How to Change Your Mind by Michael Pollan

This book is about psychedelics, such as LSD and psilocybin. It combines the history of these substances, old and new research being done with them, and sort of a travelogue of Michael Pollan’s growing experience with these substances.

Why I’m No Longer Talking to White People About Race by Reni Eddo-Lodge

I’ll just link to a friend’s review of this book.

The author Chimamanda Ngozi Adichie

I devoured all of her writing this year, both fiction and non-fiction, and the highlights are above. None of her writing earned less than four stars.

Between starting and finishing writing this article, I learned she published a new short story, Zikora, and immediately read it. It was pretty great.

One of the reasons I enjoy reading fiction is that it provides a window into the experiences of others. Chimamanda Ngozi Adichie’s writing does exactly this and does it with beautiful prose and compelling stories.

The Diamond Age by Neal Stephenson

This was a reread of the first Neal Stephenson book I read. I wanted to reread this book as I had been recommending it as a relatively short introduction to Neal Stephenson’s writing but I was second guessing how much I enjoyed it.

I was wrong to second guess that. This story was still great the second time through. This book covers so much and feels prescient despite being read 25 years after it was originally published (February 1995).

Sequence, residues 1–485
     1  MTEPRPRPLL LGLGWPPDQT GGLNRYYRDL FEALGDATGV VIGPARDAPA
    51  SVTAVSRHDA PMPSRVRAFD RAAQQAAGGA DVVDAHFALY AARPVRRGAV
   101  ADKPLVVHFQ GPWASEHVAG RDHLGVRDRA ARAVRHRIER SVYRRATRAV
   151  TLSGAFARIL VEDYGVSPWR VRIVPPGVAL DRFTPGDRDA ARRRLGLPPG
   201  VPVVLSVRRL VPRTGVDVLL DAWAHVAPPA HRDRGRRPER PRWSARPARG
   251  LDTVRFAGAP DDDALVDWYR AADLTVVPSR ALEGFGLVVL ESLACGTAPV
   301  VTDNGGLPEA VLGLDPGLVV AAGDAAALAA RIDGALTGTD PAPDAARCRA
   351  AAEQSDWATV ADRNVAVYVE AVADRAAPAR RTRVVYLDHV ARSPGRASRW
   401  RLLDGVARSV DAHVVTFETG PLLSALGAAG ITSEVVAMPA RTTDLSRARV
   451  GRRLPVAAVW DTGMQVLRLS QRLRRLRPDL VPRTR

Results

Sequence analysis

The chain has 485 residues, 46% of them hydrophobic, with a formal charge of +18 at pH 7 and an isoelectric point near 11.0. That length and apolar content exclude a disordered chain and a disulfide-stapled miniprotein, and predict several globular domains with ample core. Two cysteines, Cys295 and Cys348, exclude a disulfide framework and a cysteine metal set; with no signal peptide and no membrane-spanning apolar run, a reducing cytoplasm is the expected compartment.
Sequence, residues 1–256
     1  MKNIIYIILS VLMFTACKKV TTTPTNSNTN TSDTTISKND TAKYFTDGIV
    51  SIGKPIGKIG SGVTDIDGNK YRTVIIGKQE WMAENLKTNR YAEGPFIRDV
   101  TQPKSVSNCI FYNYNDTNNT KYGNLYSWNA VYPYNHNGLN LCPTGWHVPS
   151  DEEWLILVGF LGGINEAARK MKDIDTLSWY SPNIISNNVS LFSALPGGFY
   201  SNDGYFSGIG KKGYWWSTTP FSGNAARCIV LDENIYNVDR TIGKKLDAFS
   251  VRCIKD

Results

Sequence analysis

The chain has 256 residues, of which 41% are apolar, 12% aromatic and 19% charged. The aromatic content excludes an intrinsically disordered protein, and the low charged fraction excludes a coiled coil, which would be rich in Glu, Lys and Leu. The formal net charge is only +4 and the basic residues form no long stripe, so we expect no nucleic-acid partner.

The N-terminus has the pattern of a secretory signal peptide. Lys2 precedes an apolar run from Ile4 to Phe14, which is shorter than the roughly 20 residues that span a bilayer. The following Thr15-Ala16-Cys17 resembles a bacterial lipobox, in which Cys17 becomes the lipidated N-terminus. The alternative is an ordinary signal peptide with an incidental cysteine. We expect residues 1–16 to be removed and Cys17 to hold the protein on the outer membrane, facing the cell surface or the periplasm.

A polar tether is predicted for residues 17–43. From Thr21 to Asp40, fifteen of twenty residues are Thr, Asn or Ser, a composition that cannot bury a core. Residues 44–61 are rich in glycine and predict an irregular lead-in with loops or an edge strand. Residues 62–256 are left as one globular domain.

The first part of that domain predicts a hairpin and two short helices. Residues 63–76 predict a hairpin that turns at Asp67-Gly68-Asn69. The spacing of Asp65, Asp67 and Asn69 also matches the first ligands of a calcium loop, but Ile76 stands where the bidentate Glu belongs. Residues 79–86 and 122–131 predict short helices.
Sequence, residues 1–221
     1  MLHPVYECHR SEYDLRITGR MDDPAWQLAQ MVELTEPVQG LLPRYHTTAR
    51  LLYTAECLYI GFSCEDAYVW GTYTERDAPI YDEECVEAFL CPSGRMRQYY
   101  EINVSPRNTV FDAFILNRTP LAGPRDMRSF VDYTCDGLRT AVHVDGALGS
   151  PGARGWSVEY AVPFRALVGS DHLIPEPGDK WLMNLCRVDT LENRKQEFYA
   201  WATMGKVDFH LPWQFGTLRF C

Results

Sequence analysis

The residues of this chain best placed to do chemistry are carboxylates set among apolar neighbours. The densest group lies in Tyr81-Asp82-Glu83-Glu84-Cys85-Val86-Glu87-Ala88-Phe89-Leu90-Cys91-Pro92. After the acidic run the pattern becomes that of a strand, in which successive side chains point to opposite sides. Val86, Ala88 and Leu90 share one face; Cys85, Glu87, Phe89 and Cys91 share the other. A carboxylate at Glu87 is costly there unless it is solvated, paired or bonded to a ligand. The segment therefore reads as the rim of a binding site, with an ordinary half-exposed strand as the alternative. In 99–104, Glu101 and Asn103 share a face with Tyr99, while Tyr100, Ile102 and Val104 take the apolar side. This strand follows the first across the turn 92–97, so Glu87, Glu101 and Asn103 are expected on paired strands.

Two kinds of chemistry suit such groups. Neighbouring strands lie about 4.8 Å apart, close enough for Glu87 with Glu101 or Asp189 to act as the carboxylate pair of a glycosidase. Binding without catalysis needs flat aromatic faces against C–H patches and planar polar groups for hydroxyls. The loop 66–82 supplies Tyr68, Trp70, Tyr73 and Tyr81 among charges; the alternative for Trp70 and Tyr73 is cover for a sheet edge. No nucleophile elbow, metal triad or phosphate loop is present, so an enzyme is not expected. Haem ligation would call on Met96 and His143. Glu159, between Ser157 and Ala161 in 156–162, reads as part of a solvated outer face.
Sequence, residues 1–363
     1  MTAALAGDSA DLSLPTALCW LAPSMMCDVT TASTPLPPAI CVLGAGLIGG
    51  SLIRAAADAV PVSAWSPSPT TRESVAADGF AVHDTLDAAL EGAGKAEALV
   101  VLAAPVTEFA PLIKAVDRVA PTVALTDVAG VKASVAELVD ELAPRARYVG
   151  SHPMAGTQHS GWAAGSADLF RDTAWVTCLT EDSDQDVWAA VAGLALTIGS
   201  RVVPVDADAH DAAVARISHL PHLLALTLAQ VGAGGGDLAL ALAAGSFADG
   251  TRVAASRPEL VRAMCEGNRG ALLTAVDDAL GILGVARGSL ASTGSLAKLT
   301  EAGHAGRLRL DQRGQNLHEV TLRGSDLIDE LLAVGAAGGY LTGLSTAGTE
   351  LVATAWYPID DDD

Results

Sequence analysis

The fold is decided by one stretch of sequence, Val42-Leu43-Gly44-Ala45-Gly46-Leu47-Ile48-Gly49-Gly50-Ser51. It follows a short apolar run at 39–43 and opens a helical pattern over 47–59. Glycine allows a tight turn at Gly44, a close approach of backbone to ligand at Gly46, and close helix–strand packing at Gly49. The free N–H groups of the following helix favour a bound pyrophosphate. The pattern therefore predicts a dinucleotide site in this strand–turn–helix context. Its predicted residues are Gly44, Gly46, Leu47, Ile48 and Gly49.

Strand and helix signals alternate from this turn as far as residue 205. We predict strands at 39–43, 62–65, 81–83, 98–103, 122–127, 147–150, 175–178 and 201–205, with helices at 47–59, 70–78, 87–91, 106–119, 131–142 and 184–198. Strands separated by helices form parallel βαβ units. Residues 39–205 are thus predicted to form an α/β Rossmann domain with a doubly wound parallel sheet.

Parable of the Sower and Parable of the Talents by Octavia E. Butler

Octavia Butler builds a new religion in this series and, honestly, that religion is tempting. These are fantastic science fiction reads that explore human connections and what we could be as a species.

Other notable reads

These are books that for some reason I didn’t give five stars but I still think they are worth recommending. All links below are to Goodreads.

Piranesi by Susanna Clark

This book was weird and I enjoyed it. You follow a character that lives in a weird, infinite building made of corridors lined with statues.

Why We’re Polarized by Ezra Klein

This covers the American political system and how we got to our modern form with deeply polarized parties. I thought it was a pretty interesting read.

The Will to Change: Men, Masculinity, and Love by bell hooks

I read this at the very beginning of 2020 and think that everyone should read it. I highlighted a ton of passages and plan on going back and reviewing those passages.

You’re Not Listening: What You’re Missing and Why It Matters by Kate Murphy